The Hope & District Chamber of Commerce hosted its second installment ‘Present’ in a three part series of guest speakers to a sold out crowd of 150 guests at the Conference Room in the Rec Centre on Wednesday, Feb. 17.
The dinner event featured speakers Mayor Wilfried Vicktor, Dale Wheeldon and John Les, with an introductory welcome from Chawathil Hereditary Chief – Ron John. The evening was emceed by Terry Raymond.
Tables were adorned with red rose flower arrangements, candles, wine and candy hearts providing a little romance for a relaxed and good hearted evening. The evening’s agenda kicked off with the singing of O Canada and a prayer, led ceremoniously by Raymond.
Guests were greeted with a host of delectable delights, as they perused a buffet of pulled pork, sushi, perogies, sandwiches, salad, and baby potatoes to name a few of the dishes provided by local businesses, which was then followed by coffee and cake.
Volunteers bustled around the room, taking care of the smallest of details, making sure that guests were taken care of, as the inspiring evening flowed seamlessly into itself.
First in line at the podium was Chawathil Hereditary Chief John, who spoke of the importance of remembering the past, while looking to the future.
“I certainly have a lot of good memories of the past in Hope,” he said. “I remember when everyone knew their neighbours — it’s a friendly place to be and there’s a lot of places in the province that don’t have that wonderful feeling.”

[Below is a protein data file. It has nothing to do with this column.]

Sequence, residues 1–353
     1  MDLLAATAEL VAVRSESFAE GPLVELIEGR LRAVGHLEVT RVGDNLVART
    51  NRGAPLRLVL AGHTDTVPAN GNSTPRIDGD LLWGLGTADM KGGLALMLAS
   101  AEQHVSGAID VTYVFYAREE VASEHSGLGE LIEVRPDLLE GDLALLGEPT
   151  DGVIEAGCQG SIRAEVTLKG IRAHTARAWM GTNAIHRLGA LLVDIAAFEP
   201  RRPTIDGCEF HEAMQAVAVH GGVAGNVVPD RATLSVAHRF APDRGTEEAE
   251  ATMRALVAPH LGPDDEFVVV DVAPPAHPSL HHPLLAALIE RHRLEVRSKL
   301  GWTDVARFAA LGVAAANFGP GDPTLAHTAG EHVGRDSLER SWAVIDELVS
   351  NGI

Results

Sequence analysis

Peaceful relationships among First Nations and non-First Nations, as well as the principle of loving ones neighbour, regardless of race or culture, were topics that John approached gracefully during his heartfelt speech.
He discussed the fundamental importance of working together, especially with the arrival of globalization and the internet, while moving forward from a turbulent past into a collaborative and harmonious existence with one another.
“I’m proud of Hope, I’m proud of our people — we suffered in the past too, but now it’s good to see everyone not look down on anybody else, and we’ve got to carry that message and pass it on to other people, and to the next generation,” said John. “We have to be reminded of the terrible things that did happen, so that they know not to let these terrible things ever happen again.”
John spoke of the beauty of the region and its bountiful resources, and how some of it has dwindled over the past 300 years.
“We’ve got to look after Mother Earth,” he said. “Because she looks after us in a good way and I want to be there for her for the future of our people.”
Mayor Wilfried Vicktor took the stage following John, and made a salient point about positivity, highlighting some of the reasons behind his healthy outlook regarding the future of Hope. Vicktor credited his current council and staff as being part of the reason for his level of optimism and outlined three positive strengths of all current council members, while making introductions to several notable guests including Staff Sergeant Karol Rehdner and CAO John Fortoloczky.
“We’re keen on doing a line by line analysis of our municipal budget to make sure that the money being spent is being spent to its best use. Last year we were able to deliver a small two per cent tax increase and we want to be very innovative as a council,” he said.
“We want to focus in on that point for chamber members because business is about the bottom line, and council is very cognizant and cautious about the expenditures we make.”
Vicktor acknowledged that small businesses are the life blood of every community and he noted the importance of managing the District in a business minded fashion.